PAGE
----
|Ukrainians in Kyiv commemorate Holodomor and protest moves away from EU.|
The beautiful faces of Ukraine. (yahoo news, AP, Maria Danilova, 23 November 2013).
I'm not surprised at all that Ukrainians are divided, with pro EU sentiment strongest in western Ukraine, weakest in the east, strong in large cities like Kyiv, the capital, unsure in more rural areas suffering from high taxes, few services, and high unemployment, not to mention few expectations and dashed hopes.
|Yahoo image. Joint Ukraine/EU flag.|
That's a large percentage of undecideds, 41%. I think it reflects the doubts and pessimism of people struggling to survive, many of whom live in the places I worked and grew to love. They really are not sure which way to go.
Nor am I surprised, on the other hand, that many people are protesting the Parliament's decision to hold off on joining the EU in favor of Moscow. I've seen how hard people are working to bring change from the bottom up. I've seen small nonprofits work mightily to make life better, more just, more secure, to make their government more transparent, more accessible, less corrupt. Some folks are plain tired of the old ways.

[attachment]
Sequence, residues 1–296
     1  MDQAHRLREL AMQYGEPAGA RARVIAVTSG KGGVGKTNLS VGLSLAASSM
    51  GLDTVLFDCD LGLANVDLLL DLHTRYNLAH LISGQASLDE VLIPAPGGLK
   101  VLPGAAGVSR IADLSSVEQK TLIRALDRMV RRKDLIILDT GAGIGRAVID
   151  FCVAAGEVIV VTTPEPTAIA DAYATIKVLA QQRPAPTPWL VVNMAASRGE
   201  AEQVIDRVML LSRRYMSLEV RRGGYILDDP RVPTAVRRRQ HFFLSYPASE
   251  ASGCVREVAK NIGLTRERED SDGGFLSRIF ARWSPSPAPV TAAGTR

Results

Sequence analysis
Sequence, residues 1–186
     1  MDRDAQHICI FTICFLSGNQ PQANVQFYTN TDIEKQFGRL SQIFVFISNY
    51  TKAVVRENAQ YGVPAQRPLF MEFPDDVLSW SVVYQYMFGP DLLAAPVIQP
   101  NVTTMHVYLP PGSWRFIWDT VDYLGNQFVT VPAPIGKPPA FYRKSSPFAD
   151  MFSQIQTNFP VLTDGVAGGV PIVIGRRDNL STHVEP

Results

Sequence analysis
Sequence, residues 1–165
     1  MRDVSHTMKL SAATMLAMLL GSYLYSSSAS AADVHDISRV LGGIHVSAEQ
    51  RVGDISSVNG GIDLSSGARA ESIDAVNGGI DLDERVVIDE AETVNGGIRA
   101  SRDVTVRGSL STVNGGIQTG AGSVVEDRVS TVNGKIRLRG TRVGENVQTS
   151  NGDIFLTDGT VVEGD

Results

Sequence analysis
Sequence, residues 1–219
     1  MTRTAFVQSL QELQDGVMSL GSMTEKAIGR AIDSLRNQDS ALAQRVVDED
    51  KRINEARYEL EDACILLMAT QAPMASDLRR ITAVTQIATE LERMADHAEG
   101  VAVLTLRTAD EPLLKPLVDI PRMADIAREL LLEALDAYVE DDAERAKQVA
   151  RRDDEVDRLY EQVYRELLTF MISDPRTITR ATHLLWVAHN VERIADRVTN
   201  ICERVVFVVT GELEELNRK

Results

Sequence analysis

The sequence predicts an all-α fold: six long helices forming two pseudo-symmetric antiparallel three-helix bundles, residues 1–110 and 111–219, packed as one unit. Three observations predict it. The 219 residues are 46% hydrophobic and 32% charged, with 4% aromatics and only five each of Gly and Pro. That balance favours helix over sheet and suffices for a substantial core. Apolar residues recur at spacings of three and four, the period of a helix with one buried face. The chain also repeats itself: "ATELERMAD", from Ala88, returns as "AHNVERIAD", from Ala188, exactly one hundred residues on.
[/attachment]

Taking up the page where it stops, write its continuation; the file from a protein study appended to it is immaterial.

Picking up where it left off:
|Vitaly Klitschko, opposition leader, in Kyiv.|
|Free Yulia Tymoshenko sign, President Yanukovitch's arch rival who's been imprisoned.|
The EU, and human rights groups, have urged her release.
Who knows where Ukraine will go? I only wish for the happiness and well being of the people who make up the country, who are strong, generous and kind, who work for human rights, who want to participate in their government, who are working for change, to make life better for all. Viva Ukraine.
For more on the Holodomor see: